That's Oxford's word of the year. The Face with Tears of Joy emoji--also known as the LOL emoji. It comprised 20% of all emoji use in the U.S. and U.K.
And then the I read this --> Though this marks a historic moment of recognition for the pictures plastered throughout tweets and texts, Oxford has not added or defined any emoji in their actual databases. Nor, says a spokesperson for the publisher, do they have plans to do so at this point.
Big words and show-off words are irritating. But a good word makes all the difference. Something that's immediately understandable and well-chosen for the situation. Glamorous, joyful, diabolical. And on.
A word of the year has an annual opportunity to unify around a thought. It also creates a running history of our times.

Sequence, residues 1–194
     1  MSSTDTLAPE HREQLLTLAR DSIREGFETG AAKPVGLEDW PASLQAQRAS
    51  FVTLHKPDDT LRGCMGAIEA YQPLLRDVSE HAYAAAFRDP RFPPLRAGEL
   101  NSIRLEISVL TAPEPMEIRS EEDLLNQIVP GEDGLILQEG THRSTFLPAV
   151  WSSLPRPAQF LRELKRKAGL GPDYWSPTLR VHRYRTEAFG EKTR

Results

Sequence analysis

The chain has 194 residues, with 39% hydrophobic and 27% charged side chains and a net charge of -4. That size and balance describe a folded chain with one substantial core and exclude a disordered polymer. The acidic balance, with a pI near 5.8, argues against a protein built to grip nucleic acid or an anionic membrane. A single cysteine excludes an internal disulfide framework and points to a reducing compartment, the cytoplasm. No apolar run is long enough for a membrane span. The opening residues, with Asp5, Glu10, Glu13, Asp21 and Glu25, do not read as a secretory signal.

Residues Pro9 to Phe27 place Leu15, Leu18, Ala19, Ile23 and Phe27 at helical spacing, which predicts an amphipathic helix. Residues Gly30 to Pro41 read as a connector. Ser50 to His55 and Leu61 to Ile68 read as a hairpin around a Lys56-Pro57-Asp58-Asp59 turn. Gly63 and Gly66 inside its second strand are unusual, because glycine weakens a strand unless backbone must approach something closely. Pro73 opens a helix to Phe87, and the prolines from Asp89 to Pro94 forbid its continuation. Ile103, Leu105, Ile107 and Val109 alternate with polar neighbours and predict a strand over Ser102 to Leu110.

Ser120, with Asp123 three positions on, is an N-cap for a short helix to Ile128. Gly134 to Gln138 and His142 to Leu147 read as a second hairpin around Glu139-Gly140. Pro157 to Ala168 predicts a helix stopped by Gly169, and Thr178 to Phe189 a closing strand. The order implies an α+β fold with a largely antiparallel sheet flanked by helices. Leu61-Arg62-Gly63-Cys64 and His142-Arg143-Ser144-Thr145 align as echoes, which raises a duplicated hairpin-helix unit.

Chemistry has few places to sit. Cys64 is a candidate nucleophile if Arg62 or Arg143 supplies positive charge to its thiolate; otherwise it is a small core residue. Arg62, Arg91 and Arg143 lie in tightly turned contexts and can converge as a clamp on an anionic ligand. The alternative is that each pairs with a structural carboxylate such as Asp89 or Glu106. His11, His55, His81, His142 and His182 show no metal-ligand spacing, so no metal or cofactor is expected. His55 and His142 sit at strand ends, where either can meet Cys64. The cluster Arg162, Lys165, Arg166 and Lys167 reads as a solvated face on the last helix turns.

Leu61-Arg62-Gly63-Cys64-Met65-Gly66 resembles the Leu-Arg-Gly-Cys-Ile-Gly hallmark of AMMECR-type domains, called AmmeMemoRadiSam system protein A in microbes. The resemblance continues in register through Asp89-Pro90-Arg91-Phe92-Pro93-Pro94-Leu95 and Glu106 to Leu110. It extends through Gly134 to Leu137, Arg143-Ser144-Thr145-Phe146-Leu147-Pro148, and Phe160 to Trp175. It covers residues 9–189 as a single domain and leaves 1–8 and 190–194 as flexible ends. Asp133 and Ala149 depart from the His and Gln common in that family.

A few of the other words on Oxford's 2015 short list:
ad blocker, noun: A piece of software designed to prevent advertisements from appearing on a web page.
Dark Web, noun: The part of the World Wide Web that is only accessible by means of special software, allowing users and website operators to remain anonymous or untraceable
sharing economy, noun: An economic system in which assets or services are shared between private individuals, either free or for a fee, typically by means of the Internet.
There is an important story within each of these, symbolic of the year, and new to our vocabulary. And you could actually look them up and define them, using something from Oxford.